2016 ended with major cod suppliers depleted of fillet inventories since mid-October and, so far, it has been an unusual year for Alaskan cod catches.
Initial "A" season offloads in January indicated an optimistic outlook, but by March fishermen began to focus on pollock instead, following adverse weather conditions. While the cod fishery is still open, it is acting as more of a by-catch fishery than a targeted one.
Prices increased, with larger sizes of Pacific cod shatterpack fillets rising to around $4.25 for 32 ups and $4.10 for 16-32s. Smaller sizes are still sparse, it's nearly impossible to find 4-8oz fillets in the market. If the "B" season is a bust then inventories will be short in all sizes by the Fall.
In the twice frozen market, Pacific cod prices have been strengthening since last December as a result of raw material shortages.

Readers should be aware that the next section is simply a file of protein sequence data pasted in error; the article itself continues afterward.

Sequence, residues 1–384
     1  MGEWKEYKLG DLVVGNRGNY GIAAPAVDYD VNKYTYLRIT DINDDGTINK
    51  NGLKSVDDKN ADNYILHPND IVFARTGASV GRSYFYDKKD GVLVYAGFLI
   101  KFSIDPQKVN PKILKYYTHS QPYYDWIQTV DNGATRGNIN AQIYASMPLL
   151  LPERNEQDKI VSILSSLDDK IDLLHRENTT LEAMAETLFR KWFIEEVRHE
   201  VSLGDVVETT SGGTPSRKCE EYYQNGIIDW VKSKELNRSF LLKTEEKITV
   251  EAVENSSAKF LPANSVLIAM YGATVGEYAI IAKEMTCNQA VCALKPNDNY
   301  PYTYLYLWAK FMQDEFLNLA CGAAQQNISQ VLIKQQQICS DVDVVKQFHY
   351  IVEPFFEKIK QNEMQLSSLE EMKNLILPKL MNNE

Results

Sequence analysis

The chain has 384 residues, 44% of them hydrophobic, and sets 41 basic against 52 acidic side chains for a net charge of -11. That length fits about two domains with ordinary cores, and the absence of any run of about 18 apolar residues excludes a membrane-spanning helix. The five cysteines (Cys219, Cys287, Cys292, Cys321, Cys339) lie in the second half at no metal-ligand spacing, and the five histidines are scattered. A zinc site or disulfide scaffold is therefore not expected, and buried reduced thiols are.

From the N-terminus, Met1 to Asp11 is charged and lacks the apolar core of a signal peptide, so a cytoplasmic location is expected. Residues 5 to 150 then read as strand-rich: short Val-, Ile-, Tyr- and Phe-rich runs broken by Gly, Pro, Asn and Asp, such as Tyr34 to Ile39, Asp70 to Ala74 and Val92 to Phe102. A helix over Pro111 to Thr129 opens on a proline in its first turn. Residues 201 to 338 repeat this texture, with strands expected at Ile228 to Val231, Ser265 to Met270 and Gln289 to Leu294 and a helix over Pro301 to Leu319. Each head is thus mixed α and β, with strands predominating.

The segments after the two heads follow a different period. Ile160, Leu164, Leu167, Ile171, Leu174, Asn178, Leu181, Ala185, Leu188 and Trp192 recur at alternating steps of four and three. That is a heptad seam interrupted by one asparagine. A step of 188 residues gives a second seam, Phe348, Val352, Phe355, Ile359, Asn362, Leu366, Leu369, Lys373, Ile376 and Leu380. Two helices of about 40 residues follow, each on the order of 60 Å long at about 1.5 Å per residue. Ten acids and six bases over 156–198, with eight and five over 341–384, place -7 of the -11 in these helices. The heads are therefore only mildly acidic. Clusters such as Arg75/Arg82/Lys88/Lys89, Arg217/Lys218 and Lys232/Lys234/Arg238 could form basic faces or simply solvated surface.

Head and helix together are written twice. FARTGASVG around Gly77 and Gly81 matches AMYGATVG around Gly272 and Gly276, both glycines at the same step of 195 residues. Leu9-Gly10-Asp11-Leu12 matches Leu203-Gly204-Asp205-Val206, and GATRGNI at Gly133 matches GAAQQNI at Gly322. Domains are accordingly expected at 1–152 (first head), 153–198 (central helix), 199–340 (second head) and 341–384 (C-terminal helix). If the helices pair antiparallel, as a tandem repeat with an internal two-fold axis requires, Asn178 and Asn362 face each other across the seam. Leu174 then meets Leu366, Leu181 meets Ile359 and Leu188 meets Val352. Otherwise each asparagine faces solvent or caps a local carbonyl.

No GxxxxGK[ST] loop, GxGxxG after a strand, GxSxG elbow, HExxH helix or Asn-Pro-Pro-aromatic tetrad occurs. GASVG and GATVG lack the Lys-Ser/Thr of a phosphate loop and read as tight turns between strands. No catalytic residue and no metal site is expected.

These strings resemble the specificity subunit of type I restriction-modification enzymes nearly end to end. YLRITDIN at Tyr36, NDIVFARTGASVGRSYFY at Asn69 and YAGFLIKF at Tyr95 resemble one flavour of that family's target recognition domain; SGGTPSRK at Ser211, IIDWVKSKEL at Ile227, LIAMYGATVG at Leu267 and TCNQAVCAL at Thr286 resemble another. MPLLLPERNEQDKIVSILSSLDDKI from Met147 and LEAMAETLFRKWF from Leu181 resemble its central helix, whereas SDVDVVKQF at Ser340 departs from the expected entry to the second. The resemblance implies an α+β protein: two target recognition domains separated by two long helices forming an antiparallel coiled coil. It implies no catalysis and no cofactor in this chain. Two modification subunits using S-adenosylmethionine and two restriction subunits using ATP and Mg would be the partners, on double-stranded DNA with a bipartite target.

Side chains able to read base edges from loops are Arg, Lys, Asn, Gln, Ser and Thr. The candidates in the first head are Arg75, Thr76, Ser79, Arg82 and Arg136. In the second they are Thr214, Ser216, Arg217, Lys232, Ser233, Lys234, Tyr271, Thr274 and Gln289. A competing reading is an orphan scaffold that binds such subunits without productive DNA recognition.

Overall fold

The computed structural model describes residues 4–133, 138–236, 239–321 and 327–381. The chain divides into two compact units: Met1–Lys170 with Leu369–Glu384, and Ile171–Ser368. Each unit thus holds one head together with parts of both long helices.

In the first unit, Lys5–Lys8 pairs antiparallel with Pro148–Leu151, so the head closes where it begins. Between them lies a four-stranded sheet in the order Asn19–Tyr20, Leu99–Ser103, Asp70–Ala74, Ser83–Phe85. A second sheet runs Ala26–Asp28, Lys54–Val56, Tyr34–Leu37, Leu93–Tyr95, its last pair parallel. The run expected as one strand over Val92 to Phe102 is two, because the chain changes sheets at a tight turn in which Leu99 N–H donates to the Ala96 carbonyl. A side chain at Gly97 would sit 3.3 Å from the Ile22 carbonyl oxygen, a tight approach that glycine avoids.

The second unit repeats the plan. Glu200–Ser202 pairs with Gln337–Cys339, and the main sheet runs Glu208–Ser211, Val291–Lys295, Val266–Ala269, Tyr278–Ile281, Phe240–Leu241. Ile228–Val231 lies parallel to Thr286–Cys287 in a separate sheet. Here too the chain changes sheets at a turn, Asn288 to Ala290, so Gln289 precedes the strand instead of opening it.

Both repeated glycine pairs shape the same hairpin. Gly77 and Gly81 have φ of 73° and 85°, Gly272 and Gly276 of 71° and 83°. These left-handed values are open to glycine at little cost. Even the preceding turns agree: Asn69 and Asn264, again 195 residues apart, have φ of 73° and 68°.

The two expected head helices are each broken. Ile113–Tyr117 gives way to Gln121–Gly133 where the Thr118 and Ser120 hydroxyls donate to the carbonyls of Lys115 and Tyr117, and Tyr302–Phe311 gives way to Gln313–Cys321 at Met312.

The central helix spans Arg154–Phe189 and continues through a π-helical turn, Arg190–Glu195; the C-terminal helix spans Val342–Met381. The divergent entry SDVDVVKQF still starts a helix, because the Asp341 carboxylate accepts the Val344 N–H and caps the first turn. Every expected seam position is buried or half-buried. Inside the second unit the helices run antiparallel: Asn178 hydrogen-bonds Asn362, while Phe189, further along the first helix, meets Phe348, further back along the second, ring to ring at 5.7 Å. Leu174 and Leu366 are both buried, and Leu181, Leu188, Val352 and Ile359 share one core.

All throughout 2016 twice frozen loin pricing on the west coast held steady at $2.75 per pound until Chinese New Year when we saw it rise to around $2.90 per pound. Fishing has been poor in both the Russian and Alaskan fishery, as mentioned, so current pricing is around $3.05 per pound. Many vendors are booking up production through until next February, and are asking for a further 5 to 10 cents on finished goods as demand continues to strengthen. This would put the twice frozen market on Pacific cod at $3.15 per pound, incredibly strong pricing if you compare to Atlantic cod loins at $3.22 on the west coast.
We are not seeing any inconsistencies in sizing, but inventories are booking several months in advance, so buyers should take a look at their requirements for the summer and begin making purchase decisions now, especially if prices do rise another ten cents by September.